the art of David Lazarony
Lessons Learned from the Practice of Painting

I find painting from life is a joyful discovery.  The way a color dances and sings is just screaming for our attention.  The way light washes over a form and we perceive it moving through space.  Light reveals nature's timeless beauty, whether it is a person or place;  all are wonders to behold. 

Ironically I cannot paint feelings.  All I can paint are shapes of color in a particular location.  That's it.  But I can use my feelings to direct my painting.  It is about slowing down and really looking at my subject and then looking at my painting.  How do those two experiences compare?  What feels different to me?  What doesn't feel right?  What feels like it is missing?  Those questions lead me to continue refining the areas in the painting that interest me as well as removing the unnecessary and leaving only what is essential.  That is what I call elegant painting. 

During painting, things are not always as they first appear.  When I feel unsure how to proceed that is a good time to put down the brush, take a step back and reflect on what it is I am feeling.  Clearly something about the painting is not expressing the way I feel about the subject and that is making me feel uncertain how to proceed.  If I stay focused and continue really looking at my subject and comparing it to my painting I usually find that what I was missing was right next to where I was looking.  I just needed a new perspective to see it.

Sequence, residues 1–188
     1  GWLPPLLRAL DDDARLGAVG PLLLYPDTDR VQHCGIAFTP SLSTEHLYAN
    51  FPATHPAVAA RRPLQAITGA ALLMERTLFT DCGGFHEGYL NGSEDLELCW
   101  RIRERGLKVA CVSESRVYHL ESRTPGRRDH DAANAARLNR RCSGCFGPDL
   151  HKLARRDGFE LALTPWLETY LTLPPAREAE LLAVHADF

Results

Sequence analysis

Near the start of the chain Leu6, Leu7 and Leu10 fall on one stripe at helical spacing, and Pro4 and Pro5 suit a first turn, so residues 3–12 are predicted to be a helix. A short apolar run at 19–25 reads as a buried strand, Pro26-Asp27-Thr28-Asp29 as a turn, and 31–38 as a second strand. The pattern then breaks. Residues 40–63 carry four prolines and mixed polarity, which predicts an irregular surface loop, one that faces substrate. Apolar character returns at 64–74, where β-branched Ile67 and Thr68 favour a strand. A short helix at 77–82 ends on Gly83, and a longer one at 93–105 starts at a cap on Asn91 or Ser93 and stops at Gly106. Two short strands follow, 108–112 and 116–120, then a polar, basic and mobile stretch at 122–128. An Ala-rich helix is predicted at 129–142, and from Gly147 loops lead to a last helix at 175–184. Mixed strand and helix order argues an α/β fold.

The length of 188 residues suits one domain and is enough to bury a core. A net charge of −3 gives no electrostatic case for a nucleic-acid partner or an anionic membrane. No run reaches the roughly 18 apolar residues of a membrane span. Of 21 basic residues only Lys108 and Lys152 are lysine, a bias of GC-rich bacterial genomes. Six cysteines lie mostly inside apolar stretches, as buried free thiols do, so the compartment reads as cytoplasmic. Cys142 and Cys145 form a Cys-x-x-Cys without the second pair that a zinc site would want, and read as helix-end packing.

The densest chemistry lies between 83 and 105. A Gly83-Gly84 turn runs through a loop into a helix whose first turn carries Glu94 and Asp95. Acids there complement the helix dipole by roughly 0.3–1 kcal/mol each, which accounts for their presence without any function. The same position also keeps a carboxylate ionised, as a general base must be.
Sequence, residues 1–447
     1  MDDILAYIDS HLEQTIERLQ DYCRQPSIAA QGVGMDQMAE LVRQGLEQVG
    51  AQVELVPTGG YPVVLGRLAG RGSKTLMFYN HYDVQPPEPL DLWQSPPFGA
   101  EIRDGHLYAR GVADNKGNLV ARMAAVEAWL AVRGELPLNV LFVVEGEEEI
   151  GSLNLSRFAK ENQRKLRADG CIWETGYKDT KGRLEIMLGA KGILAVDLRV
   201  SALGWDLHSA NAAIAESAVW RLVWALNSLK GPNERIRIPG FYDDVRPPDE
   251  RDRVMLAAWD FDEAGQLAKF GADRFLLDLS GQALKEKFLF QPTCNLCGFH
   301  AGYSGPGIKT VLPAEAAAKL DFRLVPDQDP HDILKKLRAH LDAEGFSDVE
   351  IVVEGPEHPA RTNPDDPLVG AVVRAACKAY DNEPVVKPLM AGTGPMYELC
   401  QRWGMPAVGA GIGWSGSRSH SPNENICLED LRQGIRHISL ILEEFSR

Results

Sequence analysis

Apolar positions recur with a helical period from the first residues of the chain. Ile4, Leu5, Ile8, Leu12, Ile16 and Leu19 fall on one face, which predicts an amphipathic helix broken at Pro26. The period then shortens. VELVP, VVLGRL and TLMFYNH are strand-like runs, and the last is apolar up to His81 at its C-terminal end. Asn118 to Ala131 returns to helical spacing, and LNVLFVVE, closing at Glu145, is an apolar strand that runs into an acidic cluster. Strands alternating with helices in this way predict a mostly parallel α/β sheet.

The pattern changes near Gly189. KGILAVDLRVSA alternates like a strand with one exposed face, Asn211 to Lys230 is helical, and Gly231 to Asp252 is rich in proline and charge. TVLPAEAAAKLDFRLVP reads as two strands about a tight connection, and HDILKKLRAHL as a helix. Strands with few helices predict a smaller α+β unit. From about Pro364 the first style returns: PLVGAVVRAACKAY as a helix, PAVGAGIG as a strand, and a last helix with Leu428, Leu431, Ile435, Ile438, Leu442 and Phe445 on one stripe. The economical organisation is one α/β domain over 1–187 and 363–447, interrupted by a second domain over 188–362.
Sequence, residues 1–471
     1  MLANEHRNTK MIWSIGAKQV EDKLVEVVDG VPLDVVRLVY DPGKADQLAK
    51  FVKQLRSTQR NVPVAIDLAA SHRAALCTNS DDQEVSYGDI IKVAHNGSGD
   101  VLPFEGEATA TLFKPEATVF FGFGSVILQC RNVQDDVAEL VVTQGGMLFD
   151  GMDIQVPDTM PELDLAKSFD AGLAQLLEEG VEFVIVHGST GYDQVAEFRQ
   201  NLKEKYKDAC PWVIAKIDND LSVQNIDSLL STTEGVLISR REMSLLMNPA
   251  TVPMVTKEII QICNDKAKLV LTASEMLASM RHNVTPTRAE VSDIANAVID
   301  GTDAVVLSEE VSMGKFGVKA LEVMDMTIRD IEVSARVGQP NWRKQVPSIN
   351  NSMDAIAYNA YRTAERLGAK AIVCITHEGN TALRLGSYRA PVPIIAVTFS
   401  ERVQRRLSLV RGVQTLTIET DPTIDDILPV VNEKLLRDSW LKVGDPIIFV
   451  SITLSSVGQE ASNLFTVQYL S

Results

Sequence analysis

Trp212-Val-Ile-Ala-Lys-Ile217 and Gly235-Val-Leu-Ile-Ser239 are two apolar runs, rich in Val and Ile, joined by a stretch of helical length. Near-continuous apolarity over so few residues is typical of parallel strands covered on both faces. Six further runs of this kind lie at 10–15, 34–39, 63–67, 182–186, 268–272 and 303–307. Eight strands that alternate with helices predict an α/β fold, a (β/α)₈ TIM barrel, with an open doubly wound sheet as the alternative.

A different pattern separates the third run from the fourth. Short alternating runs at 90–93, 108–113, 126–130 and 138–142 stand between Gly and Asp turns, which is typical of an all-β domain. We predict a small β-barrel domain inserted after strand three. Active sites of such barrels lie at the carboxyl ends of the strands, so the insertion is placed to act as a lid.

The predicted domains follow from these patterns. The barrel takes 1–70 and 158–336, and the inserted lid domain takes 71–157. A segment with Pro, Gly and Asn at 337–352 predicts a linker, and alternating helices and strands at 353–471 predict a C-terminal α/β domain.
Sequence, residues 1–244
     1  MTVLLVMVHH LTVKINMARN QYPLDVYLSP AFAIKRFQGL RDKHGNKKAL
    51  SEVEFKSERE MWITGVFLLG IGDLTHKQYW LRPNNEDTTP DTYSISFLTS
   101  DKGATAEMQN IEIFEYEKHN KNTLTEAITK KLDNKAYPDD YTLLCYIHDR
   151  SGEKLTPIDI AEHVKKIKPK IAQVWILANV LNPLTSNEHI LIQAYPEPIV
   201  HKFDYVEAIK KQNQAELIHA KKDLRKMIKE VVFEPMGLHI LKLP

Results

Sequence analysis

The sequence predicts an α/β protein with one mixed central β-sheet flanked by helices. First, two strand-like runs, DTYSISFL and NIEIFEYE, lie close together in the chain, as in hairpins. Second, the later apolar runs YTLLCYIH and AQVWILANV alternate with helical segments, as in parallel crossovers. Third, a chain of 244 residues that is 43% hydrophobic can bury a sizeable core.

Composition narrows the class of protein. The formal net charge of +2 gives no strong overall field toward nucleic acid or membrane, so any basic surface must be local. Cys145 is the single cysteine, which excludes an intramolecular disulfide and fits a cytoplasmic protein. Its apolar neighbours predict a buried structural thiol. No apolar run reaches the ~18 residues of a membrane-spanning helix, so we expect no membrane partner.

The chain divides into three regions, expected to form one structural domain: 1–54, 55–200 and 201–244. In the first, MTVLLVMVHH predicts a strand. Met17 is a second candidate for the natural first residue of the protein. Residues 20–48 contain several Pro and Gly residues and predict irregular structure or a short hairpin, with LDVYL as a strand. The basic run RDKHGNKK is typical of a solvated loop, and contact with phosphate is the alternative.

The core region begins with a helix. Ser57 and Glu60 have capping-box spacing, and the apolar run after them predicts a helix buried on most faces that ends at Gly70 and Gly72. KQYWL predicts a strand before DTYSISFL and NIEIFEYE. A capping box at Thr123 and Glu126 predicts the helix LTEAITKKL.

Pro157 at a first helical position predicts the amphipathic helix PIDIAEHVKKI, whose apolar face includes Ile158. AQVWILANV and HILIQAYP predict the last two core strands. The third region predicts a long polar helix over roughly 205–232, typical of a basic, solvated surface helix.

That feeling of uncertainty can be tricky.  It may cause me to confuse my feelings about the paintings with my feelings of uncertainty about myself as an artist. Other times the uncertainty leads me to feel frustrated that the painting is not going the way I would like.  It is important to notice the problem is not on the canvas.  After all the painting does not feel.  I am the one doing the feeling. This is not time to paint, it is a time for personal refection.  When I'm truly open to what I am feeling, I can witness myself.  This is when the shift happens.  My mind becomes quiet, time stops and the paint flows.

There is something almost magical in this practice.  The act of painting taught me to simply be present.  Accepting my feelings led me to accept myself.  And in accepting myself, I found myself living a more authentic life.

David Lazarony